A freshly printed shirt is wet to the touch and will air dry. To maintain durability and the industries best washability, you must cure the garment with a heat press or conveyor dryer.

Best washability in the industry:

By now you must know the F2100 offers the highest rating in garment decorating washability. UltraChrome ink in conjunction with Epson pretreat yields as good or better durability than properly cured screen printing.

Non-Toxic Certified Ink and Pre-treat:

Epson is the only DTG manufacture that offers Oeko-Tex certified ink and pretreat. These products “pass the requirements of Oeko-Tex Standard 100 for human ecological requirements of Class 1 products for adults, children, and babies up to 36 months.”

Curing Garment With a Heat Press:

A high quality heat press is essential to ensure proper curing of DTG prints. Low quality heat presses often do not maintain consistent heat throughout the heating element resulting in inconsistent curing and poor washability. Melco sells Hotronix heat presses because they are the extremely high quality and durable, plus Epson uses them and that means Melco sells them. You can view our presses, available for a discount, at www.shopmelco.com

Heat Press Settings:

It is highly recommended you use upper and lower platen covers on your heat press. Additionally you will need a teflon sheet, parchment or baking paper, to gently lay on top of the garment between the print and heating element. You can purchase paper here.

John LeDrew Epson F2000

parchment paper on print before curing

Heat Press Temp – 338°F/170°C

White Only 45 sec/1-3 PSI
Color Only 45 sec/1-3 PSI
White & Color 75 sec/1-3 PSI

Note: Heavy ink loads may require longer press times


When laying down white ink first, hover or lay your heating element on top of the print for 20 seconds before applying full pressure. This will allow the ink to flash cure and avoid smearing or distorting of your print.

Curing Garment With Conveyor Dryer:

Conveyor dryers are a smart way to increase efficiency and add speed to your production environment. You can read my article on this topic here. Conveyor dryer final results are often preferable to heat press curing. Conveyor dryers allow for a slight hand to the print, less of a heat transfer feel, and helps maintain color vibrancy. Your dryer should be forced air for quickest cure. You can view our full line of conveyor dryer options here.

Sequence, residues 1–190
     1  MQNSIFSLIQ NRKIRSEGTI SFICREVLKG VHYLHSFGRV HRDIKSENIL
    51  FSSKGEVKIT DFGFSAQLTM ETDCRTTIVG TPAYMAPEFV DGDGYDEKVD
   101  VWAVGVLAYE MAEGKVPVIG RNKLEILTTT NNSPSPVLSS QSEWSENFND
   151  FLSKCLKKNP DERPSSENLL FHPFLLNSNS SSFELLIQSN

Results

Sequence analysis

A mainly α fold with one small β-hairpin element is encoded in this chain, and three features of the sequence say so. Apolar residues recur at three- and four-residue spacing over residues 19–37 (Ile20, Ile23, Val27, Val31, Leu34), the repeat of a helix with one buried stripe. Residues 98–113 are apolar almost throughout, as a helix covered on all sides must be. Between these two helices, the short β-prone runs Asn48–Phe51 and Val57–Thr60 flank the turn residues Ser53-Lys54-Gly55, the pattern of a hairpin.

Conveyor Dryer Settings:

Heat Conveyer Temp – 320°F/160°C

White Only ~2 minutes
Color Only ~2 minutes
White & Color ~2 – 2.5 minutes

Note: For heat conveyers the temperature refers to the surface of the garment not the equipment setting. Surface temperature should not exceed 356F (180C).


Use your conveyor dryer to cure your wet pre-treated shirts!


  1. Epson F2100 offers best washability and is non-toxic.
  2. Use high quality heat press for curing and use parchment paper and platen covers.
  3. Use forced air conveyor dryer for speed and higher quality results.

Email me with questions.

Happy Printing,

John R. LeDrew • DTG Director • Melco International

9 thoughts on “Curing Shirts With The Epson F2100

  1. Hi John,

    We have just purchased the Epson SureColor F2000, we have been following the proper instructions for curing using a heat press but it just seems to lose all quality in the print. no matter what heat, pressure, covers are used! Would you recommend a air conveyor dryer for better quality finishes?

    • Hello,

      I apologize for the delayed reply, I must have overlooked this notification.

      Heat presses can reduce vibrancy as heat and pressure drive the ink into the fibers of the shirt and can cause a bit of dye migration. If you use a heat press, the solution is to reduce pressure to where the heating element is just sitting on the surface of the garment.

      A conveyor dryer will definitely help, they allow for more vibrancy and better hand. I like conveyors for production efficiency as well. Good practice with conveyor dryers and pretreat application can eliminate the need for a heat press at all.

      Another factor could be blank manufacturer and materials. Always check the 3 most critical elements if your designs are not coming out vibrant. 1. Perfect nozzle check. 2. Did you pretreat properly. 3. Use a high quality blank that will not dye migrate and accepts white ink well.

      • One other thing. If you are considering a conveyor dryer you must use forced air. There are a few good brands out there that are affordable and will do a good job, lawson or BBC are my recommendations.

        BBC just released the Aeolus and this thing is sick! I went to their facility and was absolutely blown away at the speed and quality of the results. It was designed to work with the Epson and it works beautifully. Melco will be showcasing it at SGIA in New Orleans October 10-12. We are running a 20% show special. http://www.shopmelco.com/Epson_F2000_Conveyor_Dryer_p/35014.htm

    • Yes. Typically we cure at 320 for 75 seconds with white ink, and 45 seconds with color only, pressure at 0-1. You can always reduce heat and time though you sacrifice washability.

  2. Hello thanks for your article, im planning to buy a roll to roll digital printer to print with Dupont pigment inks, they also offer me to cure colors the rotary oven ( infrared ) or rotary head press machine. may I ask you which one to choose? I will only print 100% white cotton I will not use white ink.
    please let me know

    • Good question and unfortunately I am not the best resource for an answer. I suggest contacting IT Supplies and asking for Lan. He knows this market best. Tell them John from Melco sent you 😉

    • You are correct. We started curing shirts with low temp and long cure time. With new forced air by BBC, we can shoot for 2 minutes. I’ll update the post. thank you

Leave a Reply